Emily Haines wrote us a few words on her friend Mark Linkous...
The Rings of Saturn on Your Fingers
I'm drawn to musicians that defy quick description. So naturally I've listened like a student to every record Sparklehorse has made. Along with everyone who knew him, I'm mourning the loss of Mark Linkous, the man whose voice made us feel as though we were stones on a river bed.
Mark and I were recently discussing the new Sparklehorse record and our plans for collaboration. Now I find myself re-reading his texts and emails for clues of the tragic event that was to come. I speculate too late on what I could have done to prevent his dramatic exit, knowing the answer is nothing.
The music of Sparklehorse was on permanent repeat in my mind long before I met them. When I started working on my solo album with John O'Mahony in 2006, I told him I wanted the drums to sound like what I had heard on Sparklehorse tracks of the past. It turned out that John was close friends with Scott Minor, the impossibly intuitive drummer with a signature pocket. Thanks to John, I worked on my album with Scott in Asheville, NC and realized in the process how much of the Sparklehorse sound belonged to him. He contributed atmospheric layers to my compositions along with his drums and we toured the album throughout North America. He became the backbone of the Soft Skeleton and his presence in the music of Sparklehorse stands out to me still.
Mark's lyrics are the kind that ring true and stay with you as floating ideas. In 'Pig', I've always felt his harsh words capture the essential frustration faced by anyone with a soft side who has tried to navigate the lamer aspects of the music business: "I want to be a stupid and shallow motherfucker now / I want to be a tough skinned bitch but I don't know how".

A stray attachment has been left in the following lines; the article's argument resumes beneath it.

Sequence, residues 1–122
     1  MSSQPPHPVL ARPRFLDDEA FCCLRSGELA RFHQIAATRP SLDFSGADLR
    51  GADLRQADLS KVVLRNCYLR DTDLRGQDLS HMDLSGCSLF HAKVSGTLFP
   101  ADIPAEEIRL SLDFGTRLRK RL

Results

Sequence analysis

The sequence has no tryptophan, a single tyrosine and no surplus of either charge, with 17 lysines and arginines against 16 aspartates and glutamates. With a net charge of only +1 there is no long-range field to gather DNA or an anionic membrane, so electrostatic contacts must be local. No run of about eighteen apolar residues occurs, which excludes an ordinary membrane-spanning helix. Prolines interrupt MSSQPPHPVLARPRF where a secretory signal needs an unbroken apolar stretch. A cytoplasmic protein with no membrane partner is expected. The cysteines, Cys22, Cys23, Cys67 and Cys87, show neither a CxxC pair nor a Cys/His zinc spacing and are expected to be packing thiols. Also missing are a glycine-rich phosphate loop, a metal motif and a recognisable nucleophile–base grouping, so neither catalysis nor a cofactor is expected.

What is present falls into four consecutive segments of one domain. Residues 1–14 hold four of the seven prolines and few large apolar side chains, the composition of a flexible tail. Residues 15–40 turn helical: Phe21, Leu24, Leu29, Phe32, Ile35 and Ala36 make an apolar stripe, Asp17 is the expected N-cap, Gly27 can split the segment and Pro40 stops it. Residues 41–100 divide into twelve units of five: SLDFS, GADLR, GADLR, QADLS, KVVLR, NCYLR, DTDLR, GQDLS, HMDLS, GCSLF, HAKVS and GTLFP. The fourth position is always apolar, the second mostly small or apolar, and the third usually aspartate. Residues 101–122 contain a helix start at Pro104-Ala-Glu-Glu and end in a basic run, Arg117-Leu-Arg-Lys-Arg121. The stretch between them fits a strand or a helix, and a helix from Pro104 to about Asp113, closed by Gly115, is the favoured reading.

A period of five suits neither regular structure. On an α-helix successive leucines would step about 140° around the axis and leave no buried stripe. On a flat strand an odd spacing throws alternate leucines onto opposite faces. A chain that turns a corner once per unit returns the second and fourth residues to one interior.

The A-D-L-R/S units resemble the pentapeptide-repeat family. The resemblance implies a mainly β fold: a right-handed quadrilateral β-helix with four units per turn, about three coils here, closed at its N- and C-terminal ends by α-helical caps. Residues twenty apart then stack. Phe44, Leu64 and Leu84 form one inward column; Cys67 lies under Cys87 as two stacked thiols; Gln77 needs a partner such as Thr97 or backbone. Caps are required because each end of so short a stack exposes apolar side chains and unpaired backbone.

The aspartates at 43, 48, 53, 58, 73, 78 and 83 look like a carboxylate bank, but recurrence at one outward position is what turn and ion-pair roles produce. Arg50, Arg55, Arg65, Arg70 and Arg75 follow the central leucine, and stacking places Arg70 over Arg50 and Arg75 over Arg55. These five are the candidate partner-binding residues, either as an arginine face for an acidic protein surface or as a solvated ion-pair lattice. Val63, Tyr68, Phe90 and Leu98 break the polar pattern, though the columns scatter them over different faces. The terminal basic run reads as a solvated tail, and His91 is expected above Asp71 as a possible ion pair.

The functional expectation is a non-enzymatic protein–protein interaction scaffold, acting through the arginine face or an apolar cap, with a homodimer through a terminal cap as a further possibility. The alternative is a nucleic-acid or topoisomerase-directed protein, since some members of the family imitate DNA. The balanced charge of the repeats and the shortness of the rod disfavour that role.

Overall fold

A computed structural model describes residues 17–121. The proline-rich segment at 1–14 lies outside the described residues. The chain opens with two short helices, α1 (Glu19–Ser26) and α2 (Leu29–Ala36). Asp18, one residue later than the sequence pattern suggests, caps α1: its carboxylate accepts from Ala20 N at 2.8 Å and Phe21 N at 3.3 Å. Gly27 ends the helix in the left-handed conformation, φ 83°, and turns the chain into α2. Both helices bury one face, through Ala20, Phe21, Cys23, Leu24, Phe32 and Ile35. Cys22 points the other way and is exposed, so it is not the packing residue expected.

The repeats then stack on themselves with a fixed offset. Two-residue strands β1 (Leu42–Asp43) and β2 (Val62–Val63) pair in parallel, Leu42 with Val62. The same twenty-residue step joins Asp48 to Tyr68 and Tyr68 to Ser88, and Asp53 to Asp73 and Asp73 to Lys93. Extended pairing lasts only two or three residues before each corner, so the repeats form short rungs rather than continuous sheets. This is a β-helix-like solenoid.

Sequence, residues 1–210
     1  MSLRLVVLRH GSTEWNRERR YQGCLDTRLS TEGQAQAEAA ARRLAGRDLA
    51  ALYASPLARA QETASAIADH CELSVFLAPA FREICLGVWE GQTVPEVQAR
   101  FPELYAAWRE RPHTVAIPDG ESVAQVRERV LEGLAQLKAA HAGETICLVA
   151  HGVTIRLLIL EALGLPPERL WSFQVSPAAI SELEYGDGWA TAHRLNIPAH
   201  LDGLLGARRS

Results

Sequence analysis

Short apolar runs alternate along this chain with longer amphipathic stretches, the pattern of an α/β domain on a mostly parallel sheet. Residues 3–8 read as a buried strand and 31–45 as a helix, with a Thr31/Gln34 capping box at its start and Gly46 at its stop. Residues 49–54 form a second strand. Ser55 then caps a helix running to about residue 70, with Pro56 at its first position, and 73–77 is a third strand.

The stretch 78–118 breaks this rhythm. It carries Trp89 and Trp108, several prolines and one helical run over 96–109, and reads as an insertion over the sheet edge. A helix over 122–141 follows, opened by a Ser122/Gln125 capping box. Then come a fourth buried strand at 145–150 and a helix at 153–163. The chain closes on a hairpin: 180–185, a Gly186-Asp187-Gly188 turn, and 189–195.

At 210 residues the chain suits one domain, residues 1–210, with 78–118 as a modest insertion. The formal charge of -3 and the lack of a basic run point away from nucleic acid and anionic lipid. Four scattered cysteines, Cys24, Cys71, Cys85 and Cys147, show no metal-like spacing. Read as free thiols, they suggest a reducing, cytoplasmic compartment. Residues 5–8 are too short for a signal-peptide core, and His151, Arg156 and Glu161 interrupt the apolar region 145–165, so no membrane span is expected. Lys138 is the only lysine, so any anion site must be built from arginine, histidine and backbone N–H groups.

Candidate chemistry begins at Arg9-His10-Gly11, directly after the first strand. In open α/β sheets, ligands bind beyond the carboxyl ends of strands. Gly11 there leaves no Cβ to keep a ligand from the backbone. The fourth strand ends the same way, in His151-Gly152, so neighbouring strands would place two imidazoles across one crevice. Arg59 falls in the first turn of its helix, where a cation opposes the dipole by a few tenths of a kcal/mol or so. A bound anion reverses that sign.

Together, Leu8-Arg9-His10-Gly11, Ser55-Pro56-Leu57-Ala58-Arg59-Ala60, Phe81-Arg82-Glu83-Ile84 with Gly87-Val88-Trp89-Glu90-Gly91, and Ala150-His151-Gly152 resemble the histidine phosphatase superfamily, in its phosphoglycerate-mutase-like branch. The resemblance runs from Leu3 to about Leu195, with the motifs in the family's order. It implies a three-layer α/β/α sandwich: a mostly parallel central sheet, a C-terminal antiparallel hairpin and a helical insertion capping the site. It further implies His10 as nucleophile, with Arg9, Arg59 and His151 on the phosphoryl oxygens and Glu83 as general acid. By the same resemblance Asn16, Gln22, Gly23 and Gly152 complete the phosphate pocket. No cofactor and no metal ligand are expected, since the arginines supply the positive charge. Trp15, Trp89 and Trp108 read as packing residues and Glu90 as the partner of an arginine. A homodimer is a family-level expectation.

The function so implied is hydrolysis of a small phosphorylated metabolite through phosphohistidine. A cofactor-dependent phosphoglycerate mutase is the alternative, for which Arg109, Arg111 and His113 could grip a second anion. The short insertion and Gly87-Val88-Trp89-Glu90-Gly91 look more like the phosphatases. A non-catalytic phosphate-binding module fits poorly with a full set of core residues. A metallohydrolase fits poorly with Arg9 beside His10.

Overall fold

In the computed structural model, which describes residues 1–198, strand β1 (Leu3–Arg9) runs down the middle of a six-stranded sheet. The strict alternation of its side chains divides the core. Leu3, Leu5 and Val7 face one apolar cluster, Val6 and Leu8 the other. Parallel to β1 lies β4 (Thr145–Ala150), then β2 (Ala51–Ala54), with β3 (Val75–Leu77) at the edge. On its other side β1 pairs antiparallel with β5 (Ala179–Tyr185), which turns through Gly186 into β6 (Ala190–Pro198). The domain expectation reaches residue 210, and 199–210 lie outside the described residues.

Listening to "Eyepennies", with its magnetically slow tempo and PJ's voice lending an urgency to Mark's cryptic lyrics about life after death, I find myself straining to take meaning from the imagery, the monkeys that fly at sunrise and the pennies they place on his lifeless eyes. It's embarrassing and childish to look for secret messages in the words of writers who have orchestrated their own demise, but it's hard not to do it when they leave us without saying goodbye.
Mark Linkous wanted to go and it seems we were powerless to stop him. A master of the art of subtle contradiction, I miss him and dream of what could have happened next for him. My thoughts are with his friends and family.
Mark Linkous died on March 7th 2010.
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